As well as nitrates, beetroots have an antioxidant called alpha- lipoic acid, which has been shown to help lower glucose levels, increase insulin sensitivity and may help manage oxidative stress induced changes in diabetic patients
In the same way athletes benefit from increased oxygenation, drinking beetroot juice can also increase blood flow to the brain, which can slow the progression of dementia in adults. The choline in beetroots also assists in maintaining sleep patterns, muscle memory and movement, the ability of our brains to learn new tasks and to remember them.
The choline in beetroot also helps maintain the structure of cellular membranes and keeps the nervous system functioning effectively. Choline is also vital to assist your body to metabolise fat and reduce inflammation.
Beetroots also are a good source of beneficial flavonoids called anthocyanins and plenty of vitamin A in the form of beta carotene. Beta carotene is well documented to help prevent age related cataracts and helps to reduce macular degeneration as we age.
Back to the woman and man sharing the beetroot- it would appear this may not be too far from the truth! Beetroots have been considered a potent aphrodisiac for centuries, as they contain a significant amount of a mineral called boron. Boron boosts the production of the sex hormones that can boost your libido and increase fertility for both men and women, and sperm mobility in males.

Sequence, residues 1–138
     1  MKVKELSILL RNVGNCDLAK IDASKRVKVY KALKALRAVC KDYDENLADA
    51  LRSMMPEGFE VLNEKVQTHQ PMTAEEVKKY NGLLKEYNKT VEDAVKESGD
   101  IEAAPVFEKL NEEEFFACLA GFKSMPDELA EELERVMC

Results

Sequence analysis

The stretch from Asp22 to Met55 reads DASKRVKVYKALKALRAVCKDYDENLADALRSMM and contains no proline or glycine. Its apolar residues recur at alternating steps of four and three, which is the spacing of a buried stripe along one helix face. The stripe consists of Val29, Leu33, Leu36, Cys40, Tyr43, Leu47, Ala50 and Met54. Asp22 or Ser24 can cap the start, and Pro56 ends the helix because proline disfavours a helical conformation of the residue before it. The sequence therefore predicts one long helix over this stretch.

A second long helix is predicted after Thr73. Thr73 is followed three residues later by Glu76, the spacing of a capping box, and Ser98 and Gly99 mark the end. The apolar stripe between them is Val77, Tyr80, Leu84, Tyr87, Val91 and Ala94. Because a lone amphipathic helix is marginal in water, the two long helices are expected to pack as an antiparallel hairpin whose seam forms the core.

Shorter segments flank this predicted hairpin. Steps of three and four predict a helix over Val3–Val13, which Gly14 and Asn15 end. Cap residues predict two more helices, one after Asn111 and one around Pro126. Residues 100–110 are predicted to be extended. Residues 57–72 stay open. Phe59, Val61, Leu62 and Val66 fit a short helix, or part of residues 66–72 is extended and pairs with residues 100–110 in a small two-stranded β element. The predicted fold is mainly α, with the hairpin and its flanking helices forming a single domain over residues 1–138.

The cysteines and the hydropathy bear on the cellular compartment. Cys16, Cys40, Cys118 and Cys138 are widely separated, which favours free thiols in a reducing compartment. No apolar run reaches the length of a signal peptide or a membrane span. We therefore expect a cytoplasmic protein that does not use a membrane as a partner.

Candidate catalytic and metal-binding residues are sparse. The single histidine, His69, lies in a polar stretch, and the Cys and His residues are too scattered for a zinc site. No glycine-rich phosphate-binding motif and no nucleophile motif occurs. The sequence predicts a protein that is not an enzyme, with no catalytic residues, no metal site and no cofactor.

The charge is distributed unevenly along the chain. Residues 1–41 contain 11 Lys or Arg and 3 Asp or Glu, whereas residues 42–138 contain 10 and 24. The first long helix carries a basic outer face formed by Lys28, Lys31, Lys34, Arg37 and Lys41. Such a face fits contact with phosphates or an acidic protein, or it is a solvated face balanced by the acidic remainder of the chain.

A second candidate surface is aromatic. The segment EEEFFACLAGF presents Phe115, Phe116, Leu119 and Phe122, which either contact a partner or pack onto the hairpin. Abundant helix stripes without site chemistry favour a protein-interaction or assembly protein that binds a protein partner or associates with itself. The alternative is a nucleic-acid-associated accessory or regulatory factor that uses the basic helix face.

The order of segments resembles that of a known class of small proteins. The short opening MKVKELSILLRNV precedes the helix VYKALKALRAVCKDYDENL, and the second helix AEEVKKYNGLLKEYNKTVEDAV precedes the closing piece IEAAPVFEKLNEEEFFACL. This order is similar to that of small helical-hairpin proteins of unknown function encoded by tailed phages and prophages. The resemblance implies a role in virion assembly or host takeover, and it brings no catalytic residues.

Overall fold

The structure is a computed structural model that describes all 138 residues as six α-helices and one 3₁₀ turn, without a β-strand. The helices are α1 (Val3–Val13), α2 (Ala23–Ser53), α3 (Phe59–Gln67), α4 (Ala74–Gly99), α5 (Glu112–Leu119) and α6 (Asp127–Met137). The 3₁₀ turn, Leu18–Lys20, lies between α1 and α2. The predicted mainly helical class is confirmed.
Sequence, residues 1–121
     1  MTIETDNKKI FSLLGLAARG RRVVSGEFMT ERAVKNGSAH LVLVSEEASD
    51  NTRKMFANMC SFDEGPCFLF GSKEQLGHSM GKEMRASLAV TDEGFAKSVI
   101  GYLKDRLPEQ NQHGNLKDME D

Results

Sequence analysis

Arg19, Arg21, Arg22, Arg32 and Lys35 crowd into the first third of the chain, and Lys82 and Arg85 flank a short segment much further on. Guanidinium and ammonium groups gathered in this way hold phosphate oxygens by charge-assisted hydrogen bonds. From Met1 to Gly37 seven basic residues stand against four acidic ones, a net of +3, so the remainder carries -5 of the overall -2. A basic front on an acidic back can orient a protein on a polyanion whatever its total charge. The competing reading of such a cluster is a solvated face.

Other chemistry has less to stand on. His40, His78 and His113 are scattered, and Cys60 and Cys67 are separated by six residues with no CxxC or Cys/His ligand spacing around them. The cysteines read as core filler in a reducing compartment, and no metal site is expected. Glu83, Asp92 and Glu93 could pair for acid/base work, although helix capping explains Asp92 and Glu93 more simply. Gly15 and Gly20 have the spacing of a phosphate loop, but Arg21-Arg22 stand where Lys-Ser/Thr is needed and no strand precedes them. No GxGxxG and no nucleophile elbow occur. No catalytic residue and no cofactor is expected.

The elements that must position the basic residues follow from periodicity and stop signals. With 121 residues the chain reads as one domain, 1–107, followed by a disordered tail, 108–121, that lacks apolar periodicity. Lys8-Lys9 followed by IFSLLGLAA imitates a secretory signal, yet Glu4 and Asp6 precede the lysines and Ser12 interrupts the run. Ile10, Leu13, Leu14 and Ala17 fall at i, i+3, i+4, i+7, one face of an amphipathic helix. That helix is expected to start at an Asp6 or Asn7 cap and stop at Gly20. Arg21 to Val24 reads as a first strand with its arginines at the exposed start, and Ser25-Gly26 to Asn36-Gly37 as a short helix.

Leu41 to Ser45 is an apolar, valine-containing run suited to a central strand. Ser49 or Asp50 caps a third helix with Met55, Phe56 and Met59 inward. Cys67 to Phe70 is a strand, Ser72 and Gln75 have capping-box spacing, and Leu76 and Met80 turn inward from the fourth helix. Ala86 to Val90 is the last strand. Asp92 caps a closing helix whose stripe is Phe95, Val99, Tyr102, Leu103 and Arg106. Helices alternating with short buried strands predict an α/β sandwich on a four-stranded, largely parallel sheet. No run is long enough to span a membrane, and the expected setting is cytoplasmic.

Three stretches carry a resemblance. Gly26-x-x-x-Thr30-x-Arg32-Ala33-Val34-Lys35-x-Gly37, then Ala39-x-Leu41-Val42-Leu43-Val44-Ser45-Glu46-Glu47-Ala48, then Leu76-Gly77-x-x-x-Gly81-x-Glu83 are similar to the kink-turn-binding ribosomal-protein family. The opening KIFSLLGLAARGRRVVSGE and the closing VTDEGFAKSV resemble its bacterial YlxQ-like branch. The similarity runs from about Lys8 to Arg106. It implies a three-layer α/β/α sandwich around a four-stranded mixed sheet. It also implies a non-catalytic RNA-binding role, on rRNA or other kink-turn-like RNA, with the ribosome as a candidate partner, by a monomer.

Beetroot is especially beneficial for pregnant women as they contain plenty of vitamin B and iron that nourish and benefit new cell growth whilst replenishing the increased iron requirements in a pregnant female body.
Beetroots have plenty of fibre which can assist in keeping your bowel habits regular too.
So, with all these amazing benefits – how do you pack them into your weekly diet? You can incorporate beetroot in a number of different ways.
- Peel raw beetroot and juice them with orange, ginger, carrot and mint.
- Grate and add raw beetroot to sandwiches, salads and coleslaw – or add the grated mix into your cake mixes. (It is a great natural red velvet tint for cupcakes and also for icing.
- Roast beetroot with feta or goats cheese is a match made in heaven, especially when drizzled with olive oil, a little bit of honey and some toasted pinenuts or walnuts and rocket leaves. Pieces of roast beetroot also make a great salad ingredient.
- Pickled beetroot is also a healthy way to add them to your diet.
- You can also use beetroot powder added to your baking, to yoghurt, smoothies or even porridge in the morning as a healthy way to sweeten your food. Try adding it to hummus or making your own beetroot hummus.
Your overall dietary plan and eating behaviour is the most important disease prevention tool you have for maintaining good health. Variety is key and ensuring you are sourcing nutrient dense food rather than focusing on one food in particular, but adding more beetroot into your plan is certainly a great step. (They are also one of the easiest vegetables to grow yourself too).